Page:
This morning, the Eau Claire Leader Telegram published my column on the efforts being made by the One Wisconsin Institute to build public awareness of America's $1 trillion student loan debt crisis. An earlier column by fellow board member Kristen Dexter (linked here at the Capital Times in Madison) introduced the topic to Wisconsin readers. Today's column includes ways to advance the issue to ensure relief goes to middle class borrowers first and not to the "too big to fail" crowd.
The column starts below the fold.
My column in the Sunday Chippewa Herald describes the good people who attended Rep. Ron Kind's listening session this past week, people who understand that education, opportunity and assistance don't create victims, they create citizens... while the "victims" who decry government are quite often just martyrs seeking to protect advantages of power, wealth or loopholes.
You'll find it below the squiggle.
As we move to headlines beyond Boston and Texas, the past week will also be remembered in political and economic circles for the spreadsheet snafu heard ‘round the world, the debunking of a sacred formula advanced by Paul Ryan and all the other austerity hawks who have been trying for years to sell the nonsensical notion that we can cut our way to prosperity.
It will be a week when the nerds fought back and won a round or two. More below the fold.
It was a good week for the message magicians. For example, instead of focusing on Mitch McConnell's trickery, the media emphasized the way we learned about the story in the first place. Similar distractions kept us from looking at the strengths of the President's budget proposal or the ways our tax dollars have to make up for what Wall Street's billionaires aren't paying.
Fortunately, our senior senator in Wisconsin failed at a couple attempts to distract from his political shortcomings. Details below the fold.
It seems we are living in the age of Tantalus.
Having angered the gods of Greek mythology, this once favored son was strung up so that food and drink were forever just beyond his reach. Doesn’t that sound exactly like the alleged spring weather we should be enjoying by now? What great sin did we commit to make springtime so elusive?
Equally beyond our grasp, in a country filled with people who recognize the values of common sense and compromise, is a set of politicians who will stop squabbling long enough to fix our broken economy. I know that normal April weather will assuredly come our way. I cannot say the same about a few good leaders who want to see Americans back at work.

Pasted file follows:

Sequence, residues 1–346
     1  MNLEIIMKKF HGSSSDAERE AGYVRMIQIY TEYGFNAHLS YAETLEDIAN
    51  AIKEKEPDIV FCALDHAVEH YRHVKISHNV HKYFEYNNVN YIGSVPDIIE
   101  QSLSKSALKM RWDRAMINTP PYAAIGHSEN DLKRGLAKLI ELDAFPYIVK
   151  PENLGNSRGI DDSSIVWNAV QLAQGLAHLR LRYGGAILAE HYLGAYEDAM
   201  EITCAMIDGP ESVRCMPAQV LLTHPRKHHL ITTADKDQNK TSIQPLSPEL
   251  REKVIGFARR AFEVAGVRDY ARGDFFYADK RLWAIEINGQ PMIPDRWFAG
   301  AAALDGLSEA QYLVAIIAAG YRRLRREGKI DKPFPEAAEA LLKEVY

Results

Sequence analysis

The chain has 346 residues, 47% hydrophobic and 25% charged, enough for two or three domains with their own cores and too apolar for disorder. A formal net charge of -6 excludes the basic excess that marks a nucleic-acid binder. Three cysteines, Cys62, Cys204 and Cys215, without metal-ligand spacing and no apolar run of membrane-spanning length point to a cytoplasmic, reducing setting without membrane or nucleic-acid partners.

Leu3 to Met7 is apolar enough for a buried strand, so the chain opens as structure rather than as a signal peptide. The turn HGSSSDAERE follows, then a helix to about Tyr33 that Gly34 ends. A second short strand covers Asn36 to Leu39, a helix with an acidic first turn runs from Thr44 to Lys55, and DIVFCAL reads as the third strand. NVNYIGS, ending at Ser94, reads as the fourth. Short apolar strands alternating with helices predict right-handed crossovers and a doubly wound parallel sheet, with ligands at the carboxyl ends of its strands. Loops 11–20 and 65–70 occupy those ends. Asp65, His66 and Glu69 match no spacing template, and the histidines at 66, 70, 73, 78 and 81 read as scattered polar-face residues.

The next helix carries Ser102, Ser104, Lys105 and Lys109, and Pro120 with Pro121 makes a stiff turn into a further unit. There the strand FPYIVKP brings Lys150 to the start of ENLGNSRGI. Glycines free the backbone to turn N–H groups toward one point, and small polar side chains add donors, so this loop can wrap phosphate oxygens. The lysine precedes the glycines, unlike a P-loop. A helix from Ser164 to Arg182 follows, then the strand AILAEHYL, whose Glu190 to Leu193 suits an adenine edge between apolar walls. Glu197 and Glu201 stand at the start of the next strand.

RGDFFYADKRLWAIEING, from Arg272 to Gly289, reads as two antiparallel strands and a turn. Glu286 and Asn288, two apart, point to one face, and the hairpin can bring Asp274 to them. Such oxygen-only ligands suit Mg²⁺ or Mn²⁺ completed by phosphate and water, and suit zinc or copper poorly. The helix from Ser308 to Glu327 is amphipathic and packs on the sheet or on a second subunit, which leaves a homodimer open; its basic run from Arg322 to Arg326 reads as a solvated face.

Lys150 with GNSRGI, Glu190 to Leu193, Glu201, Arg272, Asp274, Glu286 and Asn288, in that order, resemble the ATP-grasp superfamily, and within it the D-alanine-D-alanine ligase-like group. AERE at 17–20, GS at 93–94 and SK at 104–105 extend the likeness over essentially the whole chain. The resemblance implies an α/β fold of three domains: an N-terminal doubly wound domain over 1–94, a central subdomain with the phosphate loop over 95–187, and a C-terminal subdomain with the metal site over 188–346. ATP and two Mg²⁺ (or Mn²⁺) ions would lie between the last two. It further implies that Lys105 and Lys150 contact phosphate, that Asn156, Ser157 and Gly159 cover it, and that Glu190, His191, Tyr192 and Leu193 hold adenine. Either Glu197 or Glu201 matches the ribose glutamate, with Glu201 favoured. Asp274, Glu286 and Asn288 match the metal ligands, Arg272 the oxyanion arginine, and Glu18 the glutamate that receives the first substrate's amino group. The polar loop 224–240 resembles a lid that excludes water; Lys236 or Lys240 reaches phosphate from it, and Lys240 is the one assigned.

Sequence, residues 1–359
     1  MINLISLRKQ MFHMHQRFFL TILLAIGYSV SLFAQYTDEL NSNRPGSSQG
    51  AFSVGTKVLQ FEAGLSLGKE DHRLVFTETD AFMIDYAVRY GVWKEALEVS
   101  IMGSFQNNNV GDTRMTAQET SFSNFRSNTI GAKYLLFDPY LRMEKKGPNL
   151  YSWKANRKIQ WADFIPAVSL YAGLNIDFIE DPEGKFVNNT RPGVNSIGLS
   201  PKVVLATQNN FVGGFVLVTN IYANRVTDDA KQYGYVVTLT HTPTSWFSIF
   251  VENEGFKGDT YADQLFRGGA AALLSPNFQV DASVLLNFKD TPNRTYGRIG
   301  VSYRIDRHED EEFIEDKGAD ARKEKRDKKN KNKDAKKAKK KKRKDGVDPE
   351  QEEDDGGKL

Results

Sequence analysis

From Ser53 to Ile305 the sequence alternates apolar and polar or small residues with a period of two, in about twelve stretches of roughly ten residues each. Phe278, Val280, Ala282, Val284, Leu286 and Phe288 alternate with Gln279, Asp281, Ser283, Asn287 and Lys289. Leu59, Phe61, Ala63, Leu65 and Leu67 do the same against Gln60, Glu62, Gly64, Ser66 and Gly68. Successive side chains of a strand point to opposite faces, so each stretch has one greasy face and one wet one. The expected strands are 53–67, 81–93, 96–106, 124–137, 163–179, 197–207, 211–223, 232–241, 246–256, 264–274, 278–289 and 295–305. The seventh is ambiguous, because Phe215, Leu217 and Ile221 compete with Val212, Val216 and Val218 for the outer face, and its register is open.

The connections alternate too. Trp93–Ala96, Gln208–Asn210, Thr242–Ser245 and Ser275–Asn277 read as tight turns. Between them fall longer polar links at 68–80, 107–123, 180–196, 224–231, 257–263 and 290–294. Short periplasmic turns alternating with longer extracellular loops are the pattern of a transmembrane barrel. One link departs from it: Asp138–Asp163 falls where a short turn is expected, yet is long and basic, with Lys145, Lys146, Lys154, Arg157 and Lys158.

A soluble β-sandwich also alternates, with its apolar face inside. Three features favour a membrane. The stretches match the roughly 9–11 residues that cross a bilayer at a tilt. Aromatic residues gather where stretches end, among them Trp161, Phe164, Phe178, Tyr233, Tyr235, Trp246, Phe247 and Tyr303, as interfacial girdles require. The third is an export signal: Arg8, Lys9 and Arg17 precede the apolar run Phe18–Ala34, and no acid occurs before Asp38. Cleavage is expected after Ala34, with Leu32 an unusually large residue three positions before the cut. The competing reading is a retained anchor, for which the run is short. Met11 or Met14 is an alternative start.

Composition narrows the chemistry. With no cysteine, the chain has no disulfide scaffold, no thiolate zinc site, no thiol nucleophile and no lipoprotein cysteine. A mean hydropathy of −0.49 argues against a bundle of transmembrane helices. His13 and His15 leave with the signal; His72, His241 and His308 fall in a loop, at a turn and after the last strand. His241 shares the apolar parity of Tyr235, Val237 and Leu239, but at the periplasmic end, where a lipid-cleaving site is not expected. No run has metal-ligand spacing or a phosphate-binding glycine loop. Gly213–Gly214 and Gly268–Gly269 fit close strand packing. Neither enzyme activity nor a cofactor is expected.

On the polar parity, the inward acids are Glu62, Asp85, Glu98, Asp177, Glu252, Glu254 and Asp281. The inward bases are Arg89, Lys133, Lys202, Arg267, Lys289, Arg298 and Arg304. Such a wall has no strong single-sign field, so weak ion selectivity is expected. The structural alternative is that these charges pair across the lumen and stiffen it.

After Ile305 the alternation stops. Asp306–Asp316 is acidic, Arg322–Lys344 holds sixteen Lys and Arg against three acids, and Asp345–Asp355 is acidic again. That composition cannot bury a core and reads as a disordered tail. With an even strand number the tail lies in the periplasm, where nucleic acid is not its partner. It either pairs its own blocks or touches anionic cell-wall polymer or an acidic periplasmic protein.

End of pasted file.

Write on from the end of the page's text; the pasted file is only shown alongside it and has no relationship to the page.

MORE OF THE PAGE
More below the fold.
Do fantasy football players know something that many voters do not?
Around 24 million Americans obsess over football players they will never actually control. Their activity costs the economy an estimated $6 billion a year in lost productivity, and they warmly embrace the term “fanatic.” They are fans even though their games have no impact on the real world.
I am starting to see parallels with certain fanatics of a political stripe. (And this pains me to make the comparison, being an occasional fantasy sports player myself.)
Beyond the jump, new polling that shows Republican voters more marginalized but also more energized since they have a powerful sports lesson working in their favor. Progressives would do well to remember this for the 2014 midterms.
We won’t see muddy waters in and around northern Wisconsin’s Bad River anytime soon, but that doesn’t mean anyone clearly understands how Governor Walker’s plans will play out in the years to come. This week’s news stories illustrate how cloudy politics play right into Republican hands when it comes to mining, budgets, social issues and more.
The sequester cuts are being minimalized by people who say they won’t be all that bad.
That’s because Julie doesn’t have her own radio show. She’s not a talking head on cable TV. She doesn’t work for a special interest group that can buy political ads. Julie is a mom who’s been struggling since she had to drop out of college 31 years ago. Now, a new generation is facing a tougher adulthood because of politicians who dismiss the impact that a little cut can have on creating a lifetime of need instead of prosperity.
More about Julie's story, today's college work-study cuts and the latest figures on student debt in America after the scribble.
It has become more likely that our grandchildren will not think of computers when they hear the name Bill Gates.
When the Microsoft founder was interviewed by the “Today Show” in 1992, he predicted we would one day communicate through desktop computers using something called “electronic mail.” This morning, on the same program, Gates, mostly retired from his high tech pioneering, was just as excited about the achievements a foundation he and wife established to attack global health concerns. In one amazing example, India has now gone two full years without a single new case of polio.
If only some other American moguls used their fortunes to improve the health of our children or even our politics. More below the doodle.
For all their talk about providing targeted tax relief to the middle class, Governor Scott Walker and legislative Republicans once again find themselves defending a move that made for good sound bites but brought virtually no tax benefit to taxpayers in outstate Wisconsin or the small businesses here they claimed to be helping.
For two guys who each won 53 percent of the vote in Wisconsin at some point in 2012, President Obama and Governor Scott Walker have few other similarities, as evidenced by their recent speeches where the President gave an inspirational inaugural address for a second term and Walker gave the inaugural pitch for his second term campaign.